The system also offers cage-height management, a feature that allows processors to preselect various cage-height positions for various jobs (or even for line maintenance) and send the cage to the predetermined height with the click of a button on the IBC touchscreen. Six total positions are supported, including a pre-programmed maintenance position. Especially in the case of high-stalk bubbles, this feature is said to be a time saver while making it much easier to train operators on how to properly set the cage height. 

A new control system from Gloucester Engineering Co, called ExtruTouch, is custom-designed for blown film and controls vacuum loading, blending, speeds, temperatures, pressures, gauging, thickness profile, and safety. ExtruTouch combines the robustness of Gloucester’s prior-generation controls with the latest technology and enhanced graphics. It comes with a 22-in. color touchscreen. It utilizes off-the-shelf hardware and can be retrofitted to any make or model of blown film line. 

Perhaps known more in North America for blown film technology, Windmoeller & Hoelscher Corp. will use NPE2015 to tout its capabilities in cast film. W&H will have detailed information and film samples along with video demonstrations and an interactive display of its Filmex cast line, which is used in stretch and other applications. Filmex lines are operating in configurations up to 33 layers and in widths up to 197 in. 

In sheet, there will be plenty to see in systems designed to run PET, PLA, and other hygroscopic materials without having to dry them first. Gneuss’ Processing Technology division will show a complete extrusion line featuring a Multi-Rotation System (MRS) 160-mm extruder, a fully-automatic filtration system (RSFgenius175), and an on-line viscometer. After the show, this line will be shipped to a Florida processor, which will use it to run sheet from reclaimed PET at 3000 lb/hr.

Welex Inc. will be featuring its Converge CTS system, a dryer-less extrusion system for PLA and PET that uses conical twin-screw technology. NatureWorks reportedly ran a trial using the Converge to process its Ingeo PLA resin and measured virtually no loss of molecular weight through eight passes.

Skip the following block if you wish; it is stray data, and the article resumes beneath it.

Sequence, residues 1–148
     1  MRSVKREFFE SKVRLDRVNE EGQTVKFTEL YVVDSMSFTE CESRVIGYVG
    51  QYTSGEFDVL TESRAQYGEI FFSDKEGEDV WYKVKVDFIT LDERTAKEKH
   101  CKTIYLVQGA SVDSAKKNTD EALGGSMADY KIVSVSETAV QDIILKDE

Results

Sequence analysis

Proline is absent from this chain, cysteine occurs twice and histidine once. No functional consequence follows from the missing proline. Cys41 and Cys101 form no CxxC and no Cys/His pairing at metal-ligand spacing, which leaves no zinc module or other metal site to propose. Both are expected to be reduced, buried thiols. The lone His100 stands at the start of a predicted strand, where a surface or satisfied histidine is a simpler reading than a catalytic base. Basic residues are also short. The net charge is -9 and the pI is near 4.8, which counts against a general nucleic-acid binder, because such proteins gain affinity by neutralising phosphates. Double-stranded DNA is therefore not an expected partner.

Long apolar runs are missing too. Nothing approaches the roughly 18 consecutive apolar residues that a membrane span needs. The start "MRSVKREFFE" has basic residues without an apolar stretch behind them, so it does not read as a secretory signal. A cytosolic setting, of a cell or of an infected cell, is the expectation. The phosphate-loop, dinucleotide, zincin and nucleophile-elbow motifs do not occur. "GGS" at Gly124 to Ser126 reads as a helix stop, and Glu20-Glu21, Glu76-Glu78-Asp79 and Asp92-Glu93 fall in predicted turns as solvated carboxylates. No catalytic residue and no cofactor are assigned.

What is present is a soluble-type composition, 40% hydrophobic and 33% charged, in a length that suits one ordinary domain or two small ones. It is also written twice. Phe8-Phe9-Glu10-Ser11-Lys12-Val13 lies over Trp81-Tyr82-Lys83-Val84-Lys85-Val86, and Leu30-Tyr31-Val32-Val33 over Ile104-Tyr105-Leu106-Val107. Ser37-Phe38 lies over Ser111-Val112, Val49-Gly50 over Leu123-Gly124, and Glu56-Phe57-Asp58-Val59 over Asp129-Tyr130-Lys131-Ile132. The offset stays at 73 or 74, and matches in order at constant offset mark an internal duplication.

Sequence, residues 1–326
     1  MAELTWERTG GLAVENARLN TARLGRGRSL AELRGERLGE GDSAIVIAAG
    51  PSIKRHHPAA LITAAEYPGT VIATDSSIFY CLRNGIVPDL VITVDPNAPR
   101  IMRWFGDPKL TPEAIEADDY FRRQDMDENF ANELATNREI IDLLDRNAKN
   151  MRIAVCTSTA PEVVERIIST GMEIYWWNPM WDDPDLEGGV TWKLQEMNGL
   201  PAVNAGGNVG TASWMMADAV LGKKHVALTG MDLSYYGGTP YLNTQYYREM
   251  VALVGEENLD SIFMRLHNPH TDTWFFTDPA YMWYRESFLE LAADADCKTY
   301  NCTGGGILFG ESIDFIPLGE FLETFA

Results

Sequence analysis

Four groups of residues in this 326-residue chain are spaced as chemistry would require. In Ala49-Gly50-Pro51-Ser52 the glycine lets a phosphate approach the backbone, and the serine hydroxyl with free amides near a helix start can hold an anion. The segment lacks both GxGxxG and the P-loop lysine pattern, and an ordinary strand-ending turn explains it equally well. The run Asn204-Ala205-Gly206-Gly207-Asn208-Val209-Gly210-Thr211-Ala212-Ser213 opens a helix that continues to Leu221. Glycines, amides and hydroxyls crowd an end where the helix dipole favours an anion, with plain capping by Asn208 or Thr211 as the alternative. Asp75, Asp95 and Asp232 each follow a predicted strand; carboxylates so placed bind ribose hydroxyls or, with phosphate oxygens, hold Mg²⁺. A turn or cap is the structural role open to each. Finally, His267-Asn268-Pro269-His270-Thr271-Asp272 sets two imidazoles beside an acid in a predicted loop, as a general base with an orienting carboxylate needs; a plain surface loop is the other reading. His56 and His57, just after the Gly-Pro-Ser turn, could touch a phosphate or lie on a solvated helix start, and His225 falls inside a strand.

Macro Engineering & Technology Inc. will be discussing its new extrusion line for PLA foam. It uses tandem extruders to produce sheet between 1.2 and 5 mm thick and up to 1270 mm wide with a foam density of 0.07 g/cc (16x expansion ratio). The sheet can be thermoformed into compostable clamshell packaging and trays used for cold food applications.

There will be lots to see at NPE in sheet cooling and polishing stacks, as well. Processing Technologies International, LLC will debut the G-Series Configurable roll stand, which has features that reportedly allow processors to switch from inline thermoforming to roll-stock operations in just hours; they only need to add another piece of equipment or make other modifications with minimal re-engineering. 

The system has a configurable frame that allows other downstream modules to be added without any cutting, welding, or machining. Module length can be adjusted, increasing or decreasing the distance between the main roll stack and the pull roll. This permits new components to be added as needed including, but not limited to, additional cooling, surface treatment, slitting, and gauging stations. It also enables processors to change the sequence of downstream operations within a system as well as offering the ability  to share modules between compatible G-Series Configurable systems. 

Battenfeld-Cincinnati will display a stack designed specifically for the U.S. market. On the Multi-Touch 1400 roll stack, sheet passes  through multiple nips, reportedly creating more uniform cooling on both its top and bottom side. This is said to significantly enhance the transparency of sheet made from semi-crystalline polymers like PP and PE.

Davis-Standard will showcase its XP Express PS (packaging sheet) roll-stand system. The XP Express is engineered for direct extrusion, in-line thermoforming, or production of roll stock for thermoforming off-line. It can process up to 8000 lb/hr.

In controls, Welex’s XSL Navigator is adapted from the  XBM Navigator control system that sister company Graham Engineering has been using on its extrusion blow molding systems. The XSL Navigator now offers intuitive navigation on a Welex line that makes it easy for the operator to set up quickly and work easily with the machine. The system also enables processors to integrate data from a machine or line to an ERP system using client-server architecture.